Mansfield is considering a ban on in-store plastic shopping bags following the town’s research into their environmental impacts.
The Mansfield Solid Waste Advisory Board began conducting research into plastic bags’ environmental impacts last summer, according to Mansfield Recycling Coordinator Virginia Walton. That research will be presented at two presentations that are open to the public.
“There’s been more research done and there are findings about what’s happening in the oceans, so a piece of it is the detrimental effects plastic litter is having on terrestrial and ocean life,” Walton said.
The first presentation will be on April 11 at 11 a.m. in the Mansfield Senior Center, according to a Mansfield press release. The second will be on April 30 at 7 p.m. in Mansfield Library’s Buchanan Auditorium.
“(In the presentations) we’re going to talk about the proposal we’re hoping to bring to the Town Council, which is a ban on checkout bags,” Walton said. “It wouldn’t be for things like produce bags, newspaper bags, trash bags or dry cleaner bags, it’s just for checkout bags.”
Walton said the presentations will address various concerns about an in-store plastic bag ban that have been raised by the public.
“(The presentations) will really be open to comments and discussion,” Walton said. “(They) will further shape our ideas and the draft of ordinance.”
Walton said the current proposal includes exemptions for nonprofits and a window of time for businesses to use the stock of plastic bags they already have before it takes effect.
The town’s decision to consider banning plastic shopping bags stems from a resolution passed by the Mansfield Town Council in 2015 to make the town a “less wasteful community,” Walton said.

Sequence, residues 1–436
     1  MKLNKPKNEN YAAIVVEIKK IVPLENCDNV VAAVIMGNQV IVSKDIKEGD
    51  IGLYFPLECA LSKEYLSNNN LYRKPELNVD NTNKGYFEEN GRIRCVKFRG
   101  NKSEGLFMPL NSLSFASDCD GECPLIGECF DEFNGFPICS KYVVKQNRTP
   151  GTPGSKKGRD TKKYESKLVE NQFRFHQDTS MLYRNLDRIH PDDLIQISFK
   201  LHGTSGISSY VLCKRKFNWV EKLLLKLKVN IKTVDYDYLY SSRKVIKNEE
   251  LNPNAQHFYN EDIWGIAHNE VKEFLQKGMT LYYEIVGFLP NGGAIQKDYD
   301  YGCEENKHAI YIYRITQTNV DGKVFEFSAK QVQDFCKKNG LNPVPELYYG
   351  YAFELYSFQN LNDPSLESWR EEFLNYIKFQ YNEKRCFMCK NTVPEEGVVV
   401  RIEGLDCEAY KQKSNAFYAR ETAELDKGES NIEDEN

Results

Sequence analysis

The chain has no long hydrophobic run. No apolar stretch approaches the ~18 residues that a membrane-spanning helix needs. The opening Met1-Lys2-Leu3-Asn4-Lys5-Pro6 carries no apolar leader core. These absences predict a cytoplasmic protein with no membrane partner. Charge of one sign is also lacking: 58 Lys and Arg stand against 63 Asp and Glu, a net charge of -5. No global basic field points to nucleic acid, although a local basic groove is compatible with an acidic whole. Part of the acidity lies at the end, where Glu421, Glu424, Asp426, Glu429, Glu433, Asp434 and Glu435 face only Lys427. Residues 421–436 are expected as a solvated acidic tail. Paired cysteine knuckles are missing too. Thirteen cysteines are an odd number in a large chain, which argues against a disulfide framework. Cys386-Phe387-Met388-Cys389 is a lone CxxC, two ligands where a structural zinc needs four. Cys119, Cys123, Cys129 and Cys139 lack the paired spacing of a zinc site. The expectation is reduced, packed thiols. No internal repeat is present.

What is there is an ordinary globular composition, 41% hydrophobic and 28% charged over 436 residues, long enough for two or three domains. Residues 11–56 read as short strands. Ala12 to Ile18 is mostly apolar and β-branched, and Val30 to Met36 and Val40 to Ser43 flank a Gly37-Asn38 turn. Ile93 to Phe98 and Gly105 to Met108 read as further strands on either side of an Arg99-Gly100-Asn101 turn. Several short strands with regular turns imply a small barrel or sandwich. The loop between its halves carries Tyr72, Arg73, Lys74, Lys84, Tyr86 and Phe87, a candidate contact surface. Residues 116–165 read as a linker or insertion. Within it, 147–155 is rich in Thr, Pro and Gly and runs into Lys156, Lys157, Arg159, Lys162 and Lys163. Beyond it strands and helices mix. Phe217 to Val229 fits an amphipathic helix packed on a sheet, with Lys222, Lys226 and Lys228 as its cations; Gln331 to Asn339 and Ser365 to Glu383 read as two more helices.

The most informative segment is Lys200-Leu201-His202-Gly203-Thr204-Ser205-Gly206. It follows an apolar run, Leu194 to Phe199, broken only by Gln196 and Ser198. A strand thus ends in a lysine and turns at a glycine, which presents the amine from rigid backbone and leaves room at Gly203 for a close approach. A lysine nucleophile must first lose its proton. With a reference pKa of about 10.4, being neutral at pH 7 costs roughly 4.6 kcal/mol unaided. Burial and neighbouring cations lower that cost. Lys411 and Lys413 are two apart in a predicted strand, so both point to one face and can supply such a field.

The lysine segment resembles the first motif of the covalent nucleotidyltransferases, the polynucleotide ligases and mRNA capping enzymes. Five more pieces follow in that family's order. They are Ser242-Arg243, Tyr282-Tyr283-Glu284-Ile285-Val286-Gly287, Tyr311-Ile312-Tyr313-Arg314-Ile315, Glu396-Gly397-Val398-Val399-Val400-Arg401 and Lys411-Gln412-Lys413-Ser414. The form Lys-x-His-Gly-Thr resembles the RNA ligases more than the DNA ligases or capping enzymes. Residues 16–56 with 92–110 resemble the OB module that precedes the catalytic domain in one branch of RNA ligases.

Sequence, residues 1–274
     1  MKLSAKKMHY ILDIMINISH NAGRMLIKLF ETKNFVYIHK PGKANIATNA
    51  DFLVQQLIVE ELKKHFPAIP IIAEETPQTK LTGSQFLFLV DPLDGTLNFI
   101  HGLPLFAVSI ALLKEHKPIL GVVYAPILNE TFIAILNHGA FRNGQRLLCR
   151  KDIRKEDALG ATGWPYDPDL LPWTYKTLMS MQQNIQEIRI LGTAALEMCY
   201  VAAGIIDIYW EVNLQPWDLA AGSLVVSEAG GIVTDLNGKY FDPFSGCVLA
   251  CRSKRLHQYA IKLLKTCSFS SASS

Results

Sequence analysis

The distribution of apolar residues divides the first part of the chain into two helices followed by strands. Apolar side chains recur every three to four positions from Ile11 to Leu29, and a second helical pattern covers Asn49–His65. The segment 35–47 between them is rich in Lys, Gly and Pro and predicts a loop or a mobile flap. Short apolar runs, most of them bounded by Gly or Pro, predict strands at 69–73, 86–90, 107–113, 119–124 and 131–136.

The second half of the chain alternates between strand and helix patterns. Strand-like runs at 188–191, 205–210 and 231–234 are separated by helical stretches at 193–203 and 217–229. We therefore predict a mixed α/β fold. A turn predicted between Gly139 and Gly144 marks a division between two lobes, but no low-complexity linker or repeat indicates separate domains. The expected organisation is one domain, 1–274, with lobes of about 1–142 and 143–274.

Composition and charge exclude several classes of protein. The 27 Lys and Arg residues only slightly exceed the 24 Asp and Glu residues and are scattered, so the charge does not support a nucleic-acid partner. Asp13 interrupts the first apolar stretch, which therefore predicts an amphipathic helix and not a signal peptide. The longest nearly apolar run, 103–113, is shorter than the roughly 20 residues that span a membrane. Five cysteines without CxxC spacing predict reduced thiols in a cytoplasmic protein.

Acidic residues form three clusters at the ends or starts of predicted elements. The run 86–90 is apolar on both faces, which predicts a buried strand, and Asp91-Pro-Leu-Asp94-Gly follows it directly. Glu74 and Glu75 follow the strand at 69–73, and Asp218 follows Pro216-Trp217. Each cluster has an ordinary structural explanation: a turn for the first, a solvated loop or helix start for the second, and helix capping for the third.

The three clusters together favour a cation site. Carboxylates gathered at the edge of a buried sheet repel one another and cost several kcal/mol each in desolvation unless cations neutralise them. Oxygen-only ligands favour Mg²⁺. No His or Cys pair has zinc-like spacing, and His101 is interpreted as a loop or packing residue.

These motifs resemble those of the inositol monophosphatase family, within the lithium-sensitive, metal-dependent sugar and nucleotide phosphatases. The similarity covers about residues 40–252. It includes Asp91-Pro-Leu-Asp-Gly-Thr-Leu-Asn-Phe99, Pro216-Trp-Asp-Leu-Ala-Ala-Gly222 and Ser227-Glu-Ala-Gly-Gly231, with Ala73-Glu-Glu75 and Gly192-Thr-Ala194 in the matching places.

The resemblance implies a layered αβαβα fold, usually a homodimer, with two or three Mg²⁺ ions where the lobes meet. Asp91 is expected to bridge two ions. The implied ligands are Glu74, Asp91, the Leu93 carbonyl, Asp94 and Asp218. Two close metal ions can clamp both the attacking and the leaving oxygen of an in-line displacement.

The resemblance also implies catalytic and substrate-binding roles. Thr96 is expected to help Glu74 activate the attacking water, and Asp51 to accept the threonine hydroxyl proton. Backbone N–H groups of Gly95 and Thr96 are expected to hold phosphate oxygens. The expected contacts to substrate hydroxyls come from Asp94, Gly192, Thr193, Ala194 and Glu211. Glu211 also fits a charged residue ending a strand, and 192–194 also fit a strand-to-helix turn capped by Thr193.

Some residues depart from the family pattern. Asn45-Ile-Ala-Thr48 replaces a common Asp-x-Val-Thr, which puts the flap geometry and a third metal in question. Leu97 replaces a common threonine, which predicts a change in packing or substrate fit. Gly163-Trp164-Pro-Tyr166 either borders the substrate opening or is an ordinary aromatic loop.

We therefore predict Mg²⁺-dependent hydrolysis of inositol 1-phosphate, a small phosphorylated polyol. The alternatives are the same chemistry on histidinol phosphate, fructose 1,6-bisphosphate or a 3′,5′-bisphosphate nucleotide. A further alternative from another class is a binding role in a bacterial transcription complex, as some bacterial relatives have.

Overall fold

In an effort to be less wasteful, Mansfield has been providing new and gently used bags at bag-share locations in the town’s library and community center, Walton said.
“We’re going to move it to the senior center this week when we do our first presentation to the public,” Walton said. “We give out bags through human services so we are promoting it (and) we’ve been at a couple different events promoting bags throughout the year.”
Walton said the town’s interest in banning plastic check-out bags is a continuation of its effort to be less wasteful.
“The Council has been working on a food waste challenge and cutting down on the amount of wasted food,” Walton said. “The next step was to look at reducing single-use plastic waste and check-out bags have a pretty easy alternative, which is a reusable bag.”
Gabriella DeBenedictis is a staff writer for The Daily Campus. She can be reached via email at firstname.lastname@example.org.